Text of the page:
Connect with us


The Race for Arctic Domination



See full-size infographic for more legibility.
The Race for Arctic Domination

The Race for Arctic Domination

Note: see full-sized infographic for more legibility.

In the year 1776, James Cook was dispatched from Great Britain on an important mission: to discover the Northwest Passage. The famed hypothetical route from the Pacific to the Atlantic was a primary motivation for many British expeditions to the New World. Such a route would expedite trade between Europe and Asia, creating wealth for the kingdoms and merchants that could navigate it. The British government tried to motivate explorers even more by putting into law that there would be a prize of £20,000 for whoever could make such a discovery.

After spending some time in Hawaii, Cook came at it from the Pacific side. He and his crew searched northwards along the long coast of British Columbia, and eventually made his way in between Alaska and Russia through the Bering Strait. Seeing nothing but icebergs, it became clear that there was no navigable passage that could be seen.

For close to 300 years, explorers had searched for such a route, but ice and cold made it ultimately impossible for the technology of the day. Even Robert McClure, who was credited with the discovery of the Passage, got stuck in ice for three winters near Banks Island and had to be rescued.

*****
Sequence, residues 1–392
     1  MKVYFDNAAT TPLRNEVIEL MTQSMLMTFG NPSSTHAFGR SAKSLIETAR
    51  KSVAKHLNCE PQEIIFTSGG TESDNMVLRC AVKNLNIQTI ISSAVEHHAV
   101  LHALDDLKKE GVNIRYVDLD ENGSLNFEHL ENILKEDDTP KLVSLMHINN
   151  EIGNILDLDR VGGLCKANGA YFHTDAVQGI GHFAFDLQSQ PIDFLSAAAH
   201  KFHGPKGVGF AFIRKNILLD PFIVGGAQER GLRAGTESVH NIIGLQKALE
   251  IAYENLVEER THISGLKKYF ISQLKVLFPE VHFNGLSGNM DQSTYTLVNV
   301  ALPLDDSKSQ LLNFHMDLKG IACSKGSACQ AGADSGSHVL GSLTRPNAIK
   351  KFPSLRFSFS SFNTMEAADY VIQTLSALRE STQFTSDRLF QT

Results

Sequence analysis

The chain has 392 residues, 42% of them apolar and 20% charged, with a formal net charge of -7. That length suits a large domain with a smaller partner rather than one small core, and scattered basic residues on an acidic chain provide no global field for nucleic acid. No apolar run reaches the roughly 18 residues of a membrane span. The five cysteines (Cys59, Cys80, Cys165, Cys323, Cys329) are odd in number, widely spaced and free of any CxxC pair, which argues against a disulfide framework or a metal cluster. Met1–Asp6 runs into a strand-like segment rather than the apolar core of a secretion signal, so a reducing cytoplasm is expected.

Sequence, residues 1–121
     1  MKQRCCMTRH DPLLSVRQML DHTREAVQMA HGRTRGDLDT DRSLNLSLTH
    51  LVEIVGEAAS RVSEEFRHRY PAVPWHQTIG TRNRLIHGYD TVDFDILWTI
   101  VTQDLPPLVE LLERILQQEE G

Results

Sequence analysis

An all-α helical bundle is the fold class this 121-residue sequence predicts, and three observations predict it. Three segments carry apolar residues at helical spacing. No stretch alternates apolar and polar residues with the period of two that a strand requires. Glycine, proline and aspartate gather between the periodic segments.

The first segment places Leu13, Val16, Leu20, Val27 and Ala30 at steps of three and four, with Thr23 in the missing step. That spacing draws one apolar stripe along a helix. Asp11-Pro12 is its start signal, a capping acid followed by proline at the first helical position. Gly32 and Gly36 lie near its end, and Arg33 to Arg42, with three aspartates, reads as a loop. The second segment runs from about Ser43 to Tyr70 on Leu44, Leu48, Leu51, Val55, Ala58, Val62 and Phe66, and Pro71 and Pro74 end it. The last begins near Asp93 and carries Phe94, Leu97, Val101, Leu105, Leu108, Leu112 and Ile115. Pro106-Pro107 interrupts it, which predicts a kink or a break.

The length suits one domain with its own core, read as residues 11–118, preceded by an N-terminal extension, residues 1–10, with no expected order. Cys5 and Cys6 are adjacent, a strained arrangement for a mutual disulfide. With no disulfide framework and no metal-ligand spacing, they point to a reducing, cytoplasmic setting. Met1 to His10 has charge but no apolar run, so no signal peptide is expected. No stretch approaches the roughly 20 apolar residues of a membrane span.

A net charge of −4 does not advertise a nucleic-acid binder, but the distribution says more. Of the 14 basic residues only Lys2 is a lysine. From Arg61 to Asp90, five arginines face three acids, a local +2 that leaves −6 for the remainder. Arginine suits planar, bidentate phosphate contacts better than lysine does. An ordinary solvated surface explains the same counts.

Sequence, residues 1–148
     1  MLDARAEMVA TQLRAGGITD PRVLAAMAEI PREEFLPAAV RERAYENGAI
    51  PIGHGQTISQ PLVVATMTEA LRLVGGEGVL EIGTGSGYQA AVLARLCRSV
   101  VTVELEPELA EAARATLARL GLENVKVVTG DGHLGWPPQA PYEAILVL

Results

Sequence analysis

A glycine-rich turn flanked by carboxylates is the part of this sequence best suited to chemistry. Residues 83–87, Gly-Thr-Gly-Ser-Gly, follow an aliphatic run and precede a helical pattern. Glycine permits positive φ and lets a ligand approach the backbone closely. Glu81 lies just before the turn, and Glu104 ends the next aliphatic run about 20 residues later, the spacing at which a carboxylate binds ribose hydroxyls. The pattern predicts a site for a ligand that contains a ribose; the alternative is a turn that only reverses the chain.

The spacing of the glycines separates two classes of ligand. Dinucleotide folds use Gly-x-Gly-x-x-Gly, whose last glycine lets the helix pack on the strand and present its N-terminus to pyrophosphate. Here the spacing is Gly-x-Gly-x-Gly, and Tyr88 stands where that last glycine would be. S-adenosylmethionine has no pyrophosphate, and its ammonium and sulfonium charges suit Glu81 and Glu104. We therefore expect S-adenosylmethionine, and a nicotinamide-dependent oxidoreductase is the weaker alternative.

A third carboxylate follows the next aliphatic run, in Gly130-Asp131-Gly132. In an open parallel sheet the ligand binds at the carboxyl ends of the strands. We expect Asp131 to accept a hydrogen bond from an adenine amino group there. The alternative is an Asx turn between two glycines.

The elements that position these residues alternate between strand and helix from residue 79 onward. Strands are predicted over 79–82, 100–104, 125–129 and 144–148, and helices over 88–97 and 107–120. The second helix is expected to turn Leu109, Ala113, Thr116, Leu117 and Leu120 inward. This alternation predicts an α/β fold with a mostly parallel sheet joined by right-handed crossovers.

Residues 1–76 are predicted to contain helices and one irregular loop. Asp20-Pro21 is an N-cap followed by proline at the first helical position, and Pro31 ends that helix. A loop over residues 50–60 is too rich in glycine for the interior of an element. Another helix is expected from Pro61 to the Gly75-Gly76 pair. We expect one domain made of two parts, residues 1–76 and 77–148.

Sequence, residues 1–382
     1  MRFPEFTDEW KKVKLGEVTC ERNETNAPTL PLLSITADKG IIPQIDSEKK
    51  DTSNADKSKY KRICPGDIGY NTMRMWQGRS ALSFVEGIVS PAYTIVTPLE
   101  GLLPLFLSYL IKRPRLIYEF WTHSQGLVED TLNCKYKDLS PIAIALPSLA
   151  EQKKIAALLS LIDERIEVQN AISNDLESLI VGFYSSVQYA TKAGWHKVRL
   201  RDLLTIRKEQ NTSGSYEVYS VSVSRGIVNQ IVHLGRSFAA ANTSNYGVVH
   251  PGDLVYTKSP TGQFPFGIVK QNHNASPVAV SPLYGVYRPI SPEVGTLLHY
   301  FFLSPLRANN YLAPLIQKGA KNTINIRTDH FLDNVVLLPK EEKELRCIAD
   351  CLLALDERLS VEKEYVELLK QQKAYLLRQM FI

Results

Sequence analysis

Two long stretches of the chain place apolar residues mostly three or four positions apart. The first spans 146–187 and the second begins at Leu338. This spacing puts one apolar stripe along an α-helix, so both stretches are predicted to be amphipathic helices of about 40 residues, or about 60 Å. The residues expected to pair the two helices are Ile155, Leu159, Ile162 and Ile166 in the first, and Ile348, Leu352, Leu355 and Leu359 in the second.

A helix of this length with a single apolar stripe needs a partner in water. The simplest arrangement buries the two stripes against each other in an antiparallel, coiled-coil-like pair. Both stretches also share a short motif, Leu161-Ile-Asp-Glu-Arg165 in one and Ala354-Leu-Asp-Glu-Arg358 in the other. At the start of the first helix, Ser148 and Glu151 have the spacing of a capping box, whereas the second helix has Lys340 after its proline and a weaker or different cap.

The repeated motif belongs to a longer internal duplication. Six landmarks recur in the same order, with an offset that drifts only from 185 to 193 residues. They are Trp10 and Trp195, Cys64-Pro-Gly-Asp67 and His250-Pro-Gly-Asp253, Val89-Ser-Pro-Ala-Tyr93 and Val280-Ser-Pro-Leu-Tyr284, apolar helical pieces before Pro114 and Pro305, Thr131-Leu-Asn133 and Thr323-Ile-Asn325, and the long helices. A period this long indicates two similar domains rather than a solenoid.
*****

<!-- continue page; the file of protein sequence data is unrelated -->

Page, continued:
Today, these routes through Northern waters have regained importance. Over recent decades, ice has thawed in the Arctic and 2008 became the first year that both the Northeast Passage (North of Russia) and the Northwest Passage (North of Canada) were open to ships simultaneously. This means it may be the first time that a vessel could theoretically circumnavigate the North Pole in 125,000 years.

Not surprisingly, countries such as Russia, Canada, Norway, Denmark, and the United States have taken notice and are posturing accordingly. The thawing waterways of the Arctic are the potential home to shipping routes, natural resources, and other territorial claims. For example, the US Geological Service estimates that the Arctic is home to 13% of the world’s undiscovered oil, as well as 30% of its undiscovered natural gas.

However, nation-states are not the only group engaged in this Battle Royale. Environmentalists have also entered the ring, and they’ve already helped to deliver a solid takedown. In September 2015, Royal Dutch Shell announced that they would abandon their Arctic drilling campaign even after spending $7 billion on the well. Realistically, there were several reasons for the change of plans, but traction on behalf of environmentalists definitely played a key role.

While some experts are referring to this as a new Cold War (pun likely intended), the conquest for Arctic domination is certainly heating up.

Original graphic by: SCMP

Subscribe to Visual Capitalist
Click for Comments


Visualizing the Flow of Energy-Related CO2 Emissions in the U.S.

A look at the flow of energy-related CO2 emissions from the sources that generate energy to the sectors that use it.



Visualizing the Flow of Energy-Related CO2 Emissions in the U.S.